By Erica Marat
A new scandal is in the making inside Kyrgyzstan’s security services. Leader of the Ata-Jurt party, Kamchybek Tashiyev, is arguing that National Security Service (NSS) attempted to assassinate him last Saturday night in front of his own house in Bishkek. According to Tashiyev, NSS personnel deliberately provoked him in front of his house followed by a few armed NSS personnel shooting at his house and his guards.
After Tashiyev’s guards captured NSS attackers, Ata-Jurt’s official memo states, 15 more armed NSS staffers stormed the politician’s house. When the police and prosecutors arrived to the scene they also evidenced that NSS were involved in illegal activity, the memo states.
Head of NSS Keneshbek Dushebayev denies allegations and claims that members of his service were stationed in a car 200 meters away from Tashiyev’s house when Tashiyev’s guards dragged one of the NSS personnel from the car and beat him inside the politician’s house. According to Dushebayev, the remaining two officers tried to rescue their colleague but were beaten by over 40 of Tashiyev’s guards. NSS personnel were bound to fire shots into the sky to protect themselves, Dushebayev recounts.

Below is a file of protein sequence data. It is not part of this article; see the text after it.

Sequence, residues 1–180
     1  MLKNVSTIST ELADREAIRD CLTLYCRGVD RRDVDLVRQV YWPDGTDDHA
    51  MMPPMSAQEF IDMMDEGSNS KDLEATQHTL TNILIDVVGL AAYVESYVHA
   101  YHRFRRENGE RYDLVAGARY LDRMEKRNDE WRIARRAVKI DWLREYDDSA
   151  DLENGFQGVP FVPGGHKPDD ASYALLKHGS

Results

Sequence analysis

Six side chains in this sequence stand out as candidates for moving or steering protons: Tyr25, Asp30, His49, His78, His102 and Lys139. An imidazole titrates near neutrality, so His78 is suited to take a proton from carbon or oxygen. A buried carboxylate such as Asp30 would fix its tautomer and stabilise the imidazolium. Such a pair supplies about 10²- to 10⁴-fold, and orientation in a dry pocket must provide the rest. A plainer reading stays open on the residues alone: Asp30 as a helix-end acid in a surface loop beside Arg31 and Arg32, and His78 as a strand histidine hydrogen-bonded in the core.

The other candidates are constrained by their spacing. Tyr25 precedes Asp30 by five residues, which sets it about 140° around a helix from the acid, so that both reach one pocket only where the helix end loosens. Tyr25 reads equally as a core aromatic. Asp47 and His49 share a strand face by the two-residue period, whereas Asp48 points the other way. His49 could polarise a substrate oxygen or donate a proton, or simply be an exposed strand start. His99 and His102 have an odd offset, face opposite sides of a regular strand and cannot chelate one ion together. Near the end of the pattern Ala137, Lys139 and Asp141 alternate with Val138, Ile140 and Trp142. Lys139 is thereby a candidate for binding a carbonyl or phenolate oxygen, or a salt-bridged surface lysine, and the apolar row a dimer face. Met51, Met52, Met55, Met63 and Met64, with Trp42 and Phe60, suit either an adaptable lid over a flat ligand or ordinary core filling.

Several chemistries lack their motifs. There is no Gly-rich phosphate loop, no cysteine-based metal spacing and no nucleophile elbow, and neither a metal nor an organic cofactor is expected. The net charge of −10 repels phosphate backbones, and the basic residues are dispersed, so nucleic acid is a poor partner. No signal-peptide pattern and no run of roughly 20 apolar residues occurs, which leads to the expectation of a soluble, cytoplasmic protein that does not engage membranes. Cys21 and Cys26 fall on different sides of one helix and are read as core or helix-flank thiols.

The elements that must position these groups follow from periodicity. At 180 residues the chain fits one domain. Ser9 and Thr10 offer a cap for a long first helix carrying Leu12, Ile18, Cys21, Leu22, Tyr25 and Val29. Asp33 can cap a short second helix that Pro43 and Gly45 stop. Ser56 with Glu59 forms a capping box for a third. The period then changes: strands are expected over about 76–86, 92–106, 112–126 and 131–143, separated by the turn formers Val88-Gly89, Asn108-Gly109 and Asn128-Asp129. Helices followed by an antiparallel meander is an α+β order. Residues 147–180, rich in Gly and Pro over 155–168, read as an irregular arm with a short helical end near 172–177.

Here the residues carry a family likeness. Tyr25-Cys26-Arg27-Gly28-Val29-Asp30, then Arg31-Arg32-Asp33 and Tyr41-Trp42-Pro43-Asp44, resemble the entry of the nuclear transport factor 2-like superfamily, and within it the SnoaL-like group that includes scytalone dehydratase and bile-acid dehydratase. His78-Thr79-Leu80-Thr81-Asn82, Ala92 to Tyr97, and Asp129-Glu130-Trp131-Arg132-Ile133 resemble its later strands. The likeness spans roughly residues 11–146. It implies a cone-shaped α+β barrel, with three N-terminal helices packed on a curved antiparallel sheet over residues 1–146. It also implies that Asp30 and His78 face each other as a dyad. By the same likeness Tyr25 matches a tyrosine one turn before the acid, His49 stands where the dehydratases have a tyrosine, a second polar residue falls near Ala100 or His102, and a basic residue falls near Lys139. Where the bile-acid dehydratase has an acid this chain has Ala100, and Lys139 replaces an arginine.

Whose version – Tashiev or Dushebayev’s – is closer to the truth remains to be seen. However, the Ata-Jurt-NSS showdown reveals the infighting between former president Kurmanbek Bakiev’s loyal regime followers and the current government that is made up mostly of Bakiyev’s former opponents. Ata-Jurt has experienced pressure from the general prosecutor, Kubatbek Baibolov, who accused the party of instigating inter-ethnic hatred in the run-down to the October 10 parliamentary elections. During Bakiyev’s rein both Dushebayev and Baibolov, along with a number of other security officials, were pressured by the regime.
With pro-Bakiyev politicians now entering the parliament, tensions within security structures are better described between the legislative and executive branches. However, tensions are breeding between the General Prosecutor’s office, NSS, and other power ministries. All have been trading criticism about the lack of professionalism in maintaining order in the country, particularly during the June violence.
These showdowns inside power institutions will negatively impact lower-ranking personnel. Without coherent political leadership over armed and police forces, human rights abuses will continue to be entrenched in the everyday lives of locals, particularly in southern Kyrgyzstan.